SYDNEY, Australia - The manager of a Sydney cafe where a 16-hour siege ended in a hail of bullets early Tuesday was lauded for sacrificing his life by grabbing the gunman's shotgun, an act that reportedly helped bring the standoff to an end and saved the lives of most of his fellow hostages.
Tori Johnson, the 34-year-old manager of the Lindt Chocolat Cafe, who was among the 17 hostages taken by the gunman and one of two who were killed, was remembered for putting his staffers' needs first.
The other hostage who died, Katrina Dawson, a 38-year-old mother of three, was known as a brilliant lawyer who taught young students how to prepare for mock trials.
Both were being lauded for their courage after unconfirmed reports emerged that they had sacrificed themselves to save their fellow hostages.
Sydney's Catholic Archbishop Anthony Fisher said at an emotional memorial service attended by hundreds at St. Mary's Cathedral that Johnson had reportedly brought the siege to a head by grabbing the shotgun wielded by hostage-taker Man Haron Monis. Monis was killed as police stormed the cafe to end the siege.
"Apparently seeing an opportunity, Tori grabbed the gun. Tragically, it went off, killing him. But it triggered the response of police and eventual freedom for most of the hostages," Fisher said. "Reports have also emerged that Katrina Dawson was shielding her pregnant friend from gunfire. These heroes were willing to lay down their lives so others might live."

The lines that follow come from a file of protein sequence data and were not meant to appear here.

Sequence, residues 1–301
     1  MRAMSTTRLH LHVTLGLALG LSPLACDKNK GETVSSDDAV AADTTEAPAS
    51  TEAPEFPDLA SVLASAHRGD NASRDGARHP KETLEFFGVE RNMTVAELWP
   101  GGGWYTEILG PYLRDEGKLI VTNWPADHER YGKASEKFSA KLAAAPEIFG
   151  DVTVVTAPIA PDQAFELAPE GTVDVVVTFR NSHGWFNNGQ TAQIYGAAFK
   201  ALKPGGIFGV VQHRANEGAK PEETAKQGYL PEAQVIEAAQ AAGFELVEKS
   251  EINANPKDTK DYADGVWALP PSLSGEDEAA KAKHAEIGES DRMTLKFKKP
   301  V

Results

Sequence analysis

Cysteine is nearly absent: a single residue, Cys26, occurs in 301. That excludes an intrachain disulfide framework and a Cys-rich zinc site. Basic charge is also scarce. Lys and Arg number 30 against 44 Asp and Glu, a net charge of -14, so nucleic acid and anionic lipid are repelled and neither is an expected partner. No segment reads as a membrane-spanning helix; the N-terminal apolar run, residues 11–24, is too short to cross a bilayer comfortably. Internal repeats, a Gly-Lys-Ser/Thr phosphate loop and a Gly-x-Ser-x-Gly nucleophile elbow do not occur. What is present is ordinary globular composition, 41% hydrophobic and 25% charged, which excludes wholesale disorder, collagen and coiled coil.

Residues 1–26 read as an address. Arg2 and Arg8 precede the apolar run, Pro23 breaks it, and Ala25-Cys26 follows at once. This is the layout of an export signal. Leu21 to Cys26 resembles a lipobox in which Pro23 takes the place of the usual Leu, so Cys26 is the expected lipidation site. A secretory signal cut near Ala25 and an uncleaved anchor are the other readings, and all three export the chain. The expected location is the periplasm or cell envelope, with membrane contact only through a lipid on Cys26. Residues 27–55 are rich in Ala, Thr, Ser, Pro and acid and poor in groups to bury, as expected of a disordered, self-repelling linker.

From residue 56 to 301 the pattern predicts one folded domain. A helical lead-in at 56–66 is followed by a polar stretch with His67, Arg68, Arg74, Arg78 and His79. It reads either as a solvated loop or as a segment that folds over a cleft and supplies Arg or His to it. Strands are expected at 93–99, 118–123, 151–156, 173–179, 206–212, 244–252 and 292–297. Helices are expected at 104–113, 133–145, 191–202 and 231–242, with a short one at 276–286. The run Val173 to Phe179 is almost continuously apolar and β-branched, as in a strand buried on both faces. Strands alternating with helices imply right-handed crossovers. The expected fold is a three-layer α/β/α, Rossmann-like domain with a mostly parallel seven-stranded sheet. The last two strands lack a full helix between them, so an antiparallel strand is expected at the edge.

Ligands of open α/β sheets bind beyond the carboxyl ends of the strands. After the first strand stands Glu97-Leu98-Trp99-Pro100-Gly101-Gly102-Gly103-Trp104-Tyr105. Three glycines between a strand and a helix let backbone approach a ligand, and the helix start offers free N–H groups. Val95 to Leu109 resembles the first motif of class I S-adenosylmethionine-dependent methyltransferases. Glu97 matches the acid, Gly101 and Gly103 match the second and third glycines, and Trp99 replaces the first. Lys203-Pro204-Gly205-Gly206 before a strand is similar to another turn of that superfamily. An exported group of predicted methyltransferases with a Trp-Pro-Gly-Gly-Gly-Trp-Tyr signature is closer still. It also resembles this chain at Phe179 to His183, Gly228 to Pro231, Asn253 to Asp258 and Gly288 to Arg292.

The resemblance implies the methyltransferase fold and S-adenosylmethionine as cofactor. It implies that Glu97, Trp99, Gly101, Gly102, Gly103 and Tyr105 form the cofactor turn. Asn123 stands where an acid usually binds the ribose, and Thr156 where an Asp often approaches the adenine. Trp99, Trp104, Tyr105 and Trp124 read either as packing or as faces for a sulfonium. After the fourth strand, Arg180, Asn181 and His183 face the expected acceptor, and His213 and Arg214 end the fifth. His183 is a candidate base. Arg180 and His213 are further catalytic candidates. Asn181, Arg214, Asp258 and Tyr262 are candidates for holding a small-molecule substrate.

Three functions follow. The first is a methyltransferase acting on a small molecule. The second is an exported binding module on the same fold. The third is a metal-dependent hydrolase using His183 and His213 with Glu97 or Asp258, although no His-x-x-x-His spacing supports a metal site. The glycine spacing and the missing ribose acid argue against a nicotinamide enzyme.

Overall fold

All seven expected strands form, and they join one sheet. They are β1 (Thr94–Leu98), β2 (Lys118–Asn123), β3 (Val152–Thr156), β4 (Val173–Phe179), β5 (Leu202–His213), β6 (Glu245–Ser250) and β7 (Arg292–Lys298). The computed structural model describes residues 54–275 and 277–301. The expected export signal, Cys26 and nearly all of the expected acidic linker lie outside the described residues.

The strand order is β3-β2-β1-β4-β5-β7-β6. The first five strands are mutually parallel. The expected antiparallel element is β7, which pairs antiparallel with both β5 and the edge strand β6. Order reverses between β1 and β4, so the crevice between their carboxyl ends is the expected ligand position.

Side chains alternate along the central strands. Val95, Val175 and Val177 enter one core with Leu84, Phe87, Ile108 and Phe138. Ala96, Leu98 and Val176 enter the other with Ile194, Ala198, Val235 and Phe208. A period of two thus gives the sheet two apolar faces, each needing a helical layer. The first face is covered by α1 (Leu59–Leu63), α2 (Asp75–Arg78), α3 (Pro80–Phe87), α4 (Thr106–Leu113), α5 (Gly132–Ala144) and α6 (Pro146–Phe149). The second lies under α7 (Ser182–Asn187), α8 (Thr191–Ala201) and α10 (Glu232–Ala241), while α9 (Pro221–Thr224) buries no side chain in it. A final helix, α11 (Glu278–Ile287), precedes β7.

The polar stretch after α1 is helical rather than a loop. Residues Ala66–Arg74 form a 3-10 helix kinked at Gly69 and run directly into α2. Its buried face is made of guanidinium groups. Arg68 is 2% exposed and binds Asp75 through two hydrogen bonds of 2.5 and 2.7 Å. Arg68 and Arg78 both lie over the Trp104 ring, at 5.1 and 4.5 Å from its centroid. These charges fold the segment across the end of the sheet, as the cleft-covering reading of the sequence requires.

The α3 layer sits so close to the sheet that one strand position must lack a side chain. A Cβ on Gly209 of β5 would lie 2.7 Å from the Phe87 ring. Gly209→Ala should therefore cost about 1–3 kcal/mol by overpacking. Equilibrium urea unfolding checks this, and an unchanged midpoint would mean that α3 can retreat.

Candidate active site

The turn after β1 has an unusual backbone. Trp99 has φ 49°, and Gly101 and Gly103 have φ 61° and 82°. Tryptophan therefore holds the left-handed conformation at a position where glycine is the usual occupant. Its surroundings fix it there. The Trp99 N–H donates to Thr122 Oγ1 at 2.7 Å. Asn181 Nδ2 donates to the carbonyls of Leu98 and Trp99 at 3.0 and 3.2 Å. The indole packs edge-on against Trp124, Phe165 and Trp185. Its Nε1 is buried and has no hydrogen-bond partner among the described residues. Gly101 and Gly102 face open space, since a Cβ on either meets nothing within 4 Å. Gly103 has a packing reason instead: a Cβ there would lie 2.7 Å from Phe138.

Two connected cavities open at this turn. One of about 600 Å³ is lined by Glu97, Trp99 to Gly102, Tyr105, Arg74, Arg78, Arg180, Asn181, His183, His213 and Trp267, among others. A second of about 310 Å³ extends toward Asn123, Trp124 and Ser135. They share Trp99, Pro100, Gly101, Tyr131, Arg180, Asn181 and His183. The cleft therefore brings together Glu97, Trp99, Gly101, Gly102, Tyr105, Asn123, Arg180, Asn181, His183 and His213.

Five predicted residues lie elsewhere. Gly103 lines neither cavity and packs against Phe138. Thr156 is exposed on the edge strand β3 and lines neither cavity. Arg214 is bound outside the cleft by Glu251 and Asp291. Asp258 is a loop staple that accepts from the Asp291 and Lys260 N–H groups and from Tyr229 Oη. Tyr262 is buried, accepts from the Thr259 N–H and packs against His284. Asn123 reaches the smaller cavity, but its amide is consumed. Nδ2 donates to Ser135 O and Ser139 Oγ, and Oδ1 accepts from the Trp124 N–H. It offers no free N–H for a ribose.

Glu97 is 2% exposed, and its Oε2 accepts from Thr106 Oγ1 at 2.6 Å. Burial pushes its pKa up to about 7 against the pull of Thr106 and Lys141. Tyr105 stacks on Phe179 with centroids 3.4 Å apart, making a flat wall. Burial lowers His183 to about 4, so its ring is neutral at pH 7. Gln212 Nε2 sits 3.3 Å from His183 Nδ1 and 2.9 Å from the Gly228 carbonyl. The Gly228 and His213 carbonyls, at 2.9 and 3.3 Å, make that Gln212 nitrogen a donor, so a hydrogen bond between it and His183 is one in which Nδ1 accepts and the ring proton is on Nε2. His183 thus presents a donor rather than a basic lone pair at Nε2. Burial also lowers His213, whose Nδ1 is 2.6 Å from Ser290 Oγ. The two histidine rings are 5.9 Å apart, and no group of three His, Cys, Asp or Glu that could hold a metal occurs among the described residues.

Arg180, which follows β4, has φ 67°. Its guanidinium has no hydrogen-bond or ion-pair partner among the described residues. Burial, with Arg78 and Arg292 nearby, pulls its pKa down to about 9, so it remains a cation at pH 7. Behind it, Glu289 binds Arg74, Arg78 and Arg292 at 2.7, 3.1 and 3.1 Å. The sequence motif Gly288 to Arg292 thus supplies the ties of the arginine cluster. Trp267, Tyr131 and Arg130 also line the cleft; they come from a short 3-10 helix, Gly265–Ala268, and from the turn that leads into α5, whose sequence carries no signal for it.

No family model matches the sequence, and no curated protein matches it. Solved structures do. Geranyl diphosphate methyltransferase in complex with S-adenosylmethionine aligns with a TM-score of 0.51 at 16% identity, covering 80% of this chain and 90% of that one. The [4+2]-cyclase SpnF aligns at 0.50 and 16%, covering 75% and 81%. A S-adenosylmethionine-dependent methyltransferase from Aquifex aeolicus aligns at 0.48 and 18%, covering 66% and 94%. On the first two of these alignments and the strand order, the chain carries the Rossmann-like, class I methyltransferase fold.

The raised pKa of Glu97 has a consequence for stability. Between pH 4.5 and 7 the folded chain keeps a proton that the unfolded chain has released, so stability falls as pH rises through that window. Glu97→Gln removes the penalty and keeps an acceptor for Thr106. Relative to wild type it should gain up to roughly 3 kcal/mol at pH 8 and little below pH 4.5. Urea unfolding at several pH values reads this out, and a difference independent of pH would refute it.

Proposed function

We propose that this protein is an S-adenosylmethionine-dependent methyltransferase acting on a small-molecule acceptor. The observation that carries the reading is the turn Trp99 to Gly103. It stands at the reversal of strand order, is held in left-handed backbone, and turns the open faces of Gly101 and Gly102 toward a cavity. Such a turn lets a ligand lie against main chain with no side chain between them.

New South Wales Deputy Police Commissioner Catherine Burn declined to comment on any individual's actions, saying what transpired in the cafe remained under investigation.
"This will all come out in time, no doubt," Burn said. "Can I just say, I think every single one of those hostages, every single one of those victims, acted courageously."
Dawson was the mother of three young children, Chloe, Sasha and Oliver, and a highly respected commercial lawyer. She was remembered as "one of our best and brightest" by New South Wales Bar Association president Jane Needham.
Johnson, a 2003 graduate of Washington State University, was remembered as a selfless man who put others first.